Less than one week after the 2016 Colorado Legislature's session got underway on Jan. 13, legislators dealt a blow to the Association of Cannabis Social Clubs, killing an unnamed bill the group was hoping would clear up some of the gray area that hovers over cannabis clubs.
Formed last December, the association is made up of three Colorado Springs-based clubs: Studio A64, Speak Easy Vape Lounge and One Love Club. Along with industry leaders, lawyers, lobbyists, law enforcement and government officials, and other stakeholders, the group has been meeting for months to craft legislation that would define what a cannabis club is, what it can do and what role the state should play in regulating it.
Informally, cannabis clubs are private social establishments that welcome cannabis consumption on their premises. The clubs first cropped up after voters legalized recreational marijuana in 2012, and there are now at least a dozen such clubs in the Springs.
As it stands, each club plays by its own rules. In addition to membership fees, some ask patrons for a reimbursement, gift or donation in exchange for a small quantity of weed to consume on the premises. Clubs operating on this model offer pre-rolled joints, single dabs, bite-size edibles or a gram of bud. But others take a more brazen tack, selling larger quantities to patrons who aren't prevented from walking out the door with it.
Jason Warf lobbies on behalf of the Association of Cannabis Social Clubs, which he says aims to establish industry standards that align with Amendment 64's titular goal to "regulate marijuana like alcohol." He likens the association's ideal of a typical cannabis club transaction to a bar that serves alcohol.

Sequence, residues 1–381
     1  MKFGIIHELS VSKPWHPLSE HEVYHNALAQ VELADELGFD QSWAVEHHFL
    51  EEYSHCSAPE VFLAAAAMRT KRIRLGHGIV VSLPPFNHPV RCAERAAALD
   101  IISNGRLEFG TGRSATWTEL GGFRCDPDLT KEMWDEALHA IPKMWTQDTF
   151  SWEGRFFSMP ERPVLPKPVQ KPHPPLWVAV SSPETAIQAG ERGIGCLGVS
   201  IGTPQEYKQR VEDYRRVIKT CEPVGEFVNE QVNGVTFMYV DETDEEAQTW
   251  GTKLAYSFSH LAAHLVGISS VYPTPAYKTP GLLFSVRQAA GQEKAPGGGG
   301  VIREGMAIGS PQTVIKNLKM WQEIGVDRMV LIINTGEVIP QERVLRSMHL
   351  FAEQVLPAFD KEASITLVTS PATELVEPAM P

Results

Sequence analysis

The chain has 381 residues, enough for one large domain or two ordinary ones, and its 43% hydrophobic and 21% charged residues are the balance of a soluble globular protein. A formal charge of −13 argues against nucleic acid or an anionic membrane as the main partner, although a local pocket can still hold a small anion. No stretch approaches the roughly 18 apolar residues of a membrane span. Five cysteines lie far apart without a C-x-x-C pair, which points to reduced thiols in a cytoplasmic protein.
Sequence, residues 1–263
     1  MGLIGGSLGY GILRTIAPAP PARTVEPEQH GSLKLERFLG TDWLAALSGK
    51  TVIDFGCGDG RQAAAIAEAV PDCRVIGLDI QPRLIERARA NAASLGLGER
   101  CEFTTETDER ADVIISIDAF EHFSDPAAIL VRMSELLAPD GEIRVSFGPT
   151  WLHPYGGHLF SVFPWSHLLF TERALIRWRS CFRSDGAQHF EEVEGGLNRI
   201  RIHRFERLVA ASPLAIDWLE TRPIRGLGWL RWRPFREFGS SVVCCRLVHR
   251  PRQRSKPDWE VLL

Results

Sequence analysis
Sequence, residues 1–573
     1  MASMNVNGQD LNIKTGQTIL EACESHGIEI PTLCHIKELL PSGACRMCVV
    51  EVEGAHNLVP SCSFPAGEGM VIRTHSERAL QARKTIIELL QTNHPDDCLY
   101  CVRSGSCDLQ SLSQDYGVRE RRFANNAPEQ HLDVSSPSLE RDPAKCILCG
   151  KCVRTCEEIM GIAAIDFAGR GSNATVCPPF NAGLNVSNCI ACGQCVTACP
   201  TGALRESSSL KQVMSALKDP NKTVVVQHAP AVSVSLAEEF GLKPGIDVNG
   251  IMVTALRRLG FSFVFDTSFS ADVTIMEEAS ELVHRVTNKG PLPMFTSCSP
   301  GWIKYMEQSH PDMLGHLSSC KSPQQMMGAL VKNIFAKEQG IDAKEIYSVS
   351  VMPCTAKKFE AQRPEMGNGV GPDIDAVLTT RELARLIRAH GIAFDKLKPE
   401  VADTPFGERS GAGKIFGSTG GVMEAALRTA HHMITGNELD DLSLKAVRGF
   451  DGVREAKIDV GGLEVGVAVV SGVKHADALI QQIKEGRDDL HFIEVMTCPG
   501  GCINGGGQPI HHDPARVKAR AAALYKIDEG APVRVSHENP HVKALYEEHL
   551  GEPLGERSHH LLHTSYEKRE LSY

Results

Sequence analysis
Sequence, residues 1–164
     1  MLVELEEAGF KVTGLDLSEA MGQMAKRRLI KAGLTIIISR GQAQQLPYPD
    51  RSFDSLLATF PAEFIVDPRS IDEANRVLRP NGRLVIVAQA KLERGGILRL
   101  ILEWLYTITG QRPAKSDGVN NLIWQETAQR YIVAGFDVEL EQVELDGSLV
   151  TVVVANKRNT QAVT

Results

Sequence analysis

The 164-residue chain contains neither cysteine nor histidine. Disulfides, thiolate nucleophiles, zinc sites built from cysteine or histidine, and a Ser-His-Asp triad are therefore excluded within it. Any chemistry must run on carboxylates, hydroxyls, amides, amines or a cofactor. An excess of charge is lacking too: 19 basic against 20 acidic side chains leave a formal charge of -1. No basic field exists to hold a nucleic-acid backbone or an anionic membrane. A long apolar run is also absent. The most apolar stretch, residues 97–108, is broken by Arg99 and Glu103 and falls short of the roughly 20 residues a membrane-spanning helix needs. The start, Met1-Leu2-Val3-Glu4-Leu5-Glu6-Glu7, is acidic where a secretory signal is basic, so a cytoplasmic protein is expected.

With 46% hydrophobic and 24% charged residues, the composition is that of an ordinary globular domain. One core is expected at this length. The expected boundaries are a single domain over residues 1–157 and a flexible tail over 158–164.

"You can go to a liquor store and buy a case or you can go into a bar and buy a beer," Warf says. "That's what this is."
In order to survive, Warf maintains, clubs must be allowed to sell at least small amounts of marijuana. The BYOB (bring your own bud) model, similar to a cigar bar, isn't profitable, and "club owners can't get by just selling pipes and candy bars," he says.
But, Warf adds, when clubs allow patrons to leave the premises with product, they are operating more or less like a dispensary. And dispensaries don't take that kindly. After all, dispensaries are required to pay recreational marijuana licensing fees that clubs, so far, do not.
"Once you get into that territory," Warf says, "you're stepping on the toes of [dispensary] owners who have shelled out quite a bit of cash to do what they're doing."
Warf says "most of" Colorado Springs' cannabis club owners were invited to join the association as members, though the Indy could not confirm that with all club owners by press time.
State Rep. Kit Roupe, R-Colorado Springs, was poised to sponsor the bill along with Rep. Jonathan Singer, D-Longmont. She sent an email to stakeholders on Jan. 16, explaining that due to some "hot disagreements," the fourth draft of the bill would be tabled.
"We've worked very hard together to find some language that will work for most of us in a reasonable fashion," Roupe wrote. "In every meeting, I and Rep. Singer have said plainly we will not introduce a bill that is not ready, and this bill is not ready."
In the absence of state legislation, Warf expects Colorado Springs officials to take up the issue locally, although the bill could be re-introduced in the legislature by different sponsors before the session ends. Colorado Springs' Marijuana Task Force is working to draft an ordinance that deals with licensing, zoning and taxing of the clubs, which it's hoping to finalize in March.